December 3, 2020

The Editor Speaks: When did the vision of NHDT become blurred?

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Colin WilsonwebThe National Housing Development Trust (NHDT) is a not-for-profit government company incorporated on 29 September 2003.

“Our mission is to construct houses in planned communities and facilitate affordable home ownership for the Caymanian people through several financing options. We facilitate home ownership through two main programs:

Affordable Housing Initiatives (AHI) – The NHDT is a privately owned company of the Cayman Islands Government whose mandate is to assist low-income families in realizing their dreams of home ownership.

Government Guaranteed Home Assisted Mortgage (GGHAM) – The Cayman Islands Government, working with National Housing Development Trust and local private banks, are providing mortgages to Caymanians and Caymanian Status holders.

“The Mission of the National Housing Development Trust of the Cayman Islands (NHDT) is to construct and provide affordable homes in planned communities, offer easier financing opportunities and provide management system that adds security, value and ownership that imparts a sense of pride in hard working Caymanians that are placed in the low and middle income category.

“Similarly, the Vision of the National Housing Development Trust seeks to ensure:

Board of Directors’ Vision

Managements’ Mission

“The Management’s mission is to continue the NHDT as a non-profit organization focused on providing services to private individuals, local government, and developers in a professional manner.  Continue to manage the lease portfolio of the Trust and to offer counseling to clients as it becomes necessary.  To seek out additional funding for future development of low-income housing that have been identified as an imperative relationship with local contractors I the development of new homes for low-income persons in our community.  To ensure that the Government Guaranteed Home Assisted Mortgage Programme is managed in an efficient and prudent manner.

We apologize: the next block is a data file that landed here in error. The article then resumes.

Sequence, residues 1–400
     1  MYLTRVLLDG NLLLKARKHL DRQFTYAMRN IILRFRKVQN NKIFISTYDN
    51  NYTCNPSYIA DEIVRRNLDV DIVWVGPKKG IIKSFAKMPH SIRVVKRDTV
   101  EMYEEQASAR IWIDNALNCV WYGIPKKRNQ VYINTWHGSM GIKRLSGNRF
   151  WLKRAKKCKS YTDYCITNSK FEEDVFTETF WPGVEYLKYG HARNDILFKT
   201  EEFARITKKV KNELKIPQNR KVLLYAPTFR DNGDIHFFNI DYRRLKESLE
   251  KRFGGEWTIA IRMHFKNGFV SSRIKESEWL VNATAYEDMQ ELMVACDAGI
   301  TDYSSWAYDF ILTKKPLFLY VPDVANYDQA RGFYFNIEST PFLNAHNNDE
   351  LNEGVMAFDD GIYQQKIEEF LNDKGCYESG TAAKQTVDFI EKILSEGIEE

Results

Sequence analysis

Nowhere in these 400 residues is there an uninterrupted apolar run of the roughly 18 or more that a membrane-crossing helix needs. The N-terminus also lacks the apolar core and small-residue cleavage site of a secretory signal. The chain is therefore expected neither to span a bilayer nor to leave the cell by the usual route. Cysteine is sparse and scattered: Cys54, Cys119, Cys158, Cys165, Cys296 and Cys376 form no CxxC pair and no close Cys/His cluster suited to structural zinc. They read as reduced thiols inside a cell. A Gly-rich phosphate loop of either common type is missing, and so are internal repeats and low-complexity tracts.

“Retention of competent, trained and highly motivated staff is seen as the cornerstone of the Trust’s core values. The Trust is established under a governance model, which includes a Board of Directors at the top, to whom the General Manager reports. The Trust is currently organized into a number of operating Units, each led by a Manager or Supervisor – all of whom report to the General Manager:

Mortgages & Housing coordination;

Property Management & Projects operations;

Administration & Finance.”

The above is taken currently from the website of the National Housing Development Trust.

Nowhere on the website does it state there has been a change in the NHDT vision.

The website states “affordable home ownership for the Caymanian people through several financing options”.

It lists TWO programmes. Both are for Caymanians to “realise their dreams of home ownership” through the NHDT and the other is to provide home assisted mortgages through the GGHAM.

Now we learn that the vision of the NHDT has developed cataracts. Persons who have signed up to the programme and paying rent each month for the homes they are living in are exactly that. Rental. The houses are rent only. They will never be the occupiers.

What a shock.

NHDT General Manager Julio Ramos has confirmed that no new occupiers will be able to own the houses that will be living in. He said this policy was changed a few years ago by the previous government because the homes were costing more that $100,000 to construct.

Fair enough. One can change one’s policy but it does not say that on the NHDT website. There is no mention of a policy change. The vision message has not changed.

Ramos’ statement that the National Development Housing Trust says it is ‘carrying out its mandate and putting a roof over the heads of those who need it’ is only half correct. The vision has just not been blurred – it’s gone. The mandate has completely changed.

But no one has bothered to change the website to reflect this.

Government gave nearly one million dollars to the NHDT in the budget last financial year as an “equity injection”.

There was also more than $600,000 for the purchase agreement for the homes and a bond facility for $2 million to pay back the loan to build the homes.

Ramos admitted this was to refund the infrastructure so the NHDT could continue to develop.

I have to point out again. No one has said the mandate has been changed resulting in extreme blurred vision.

 

 

 

 

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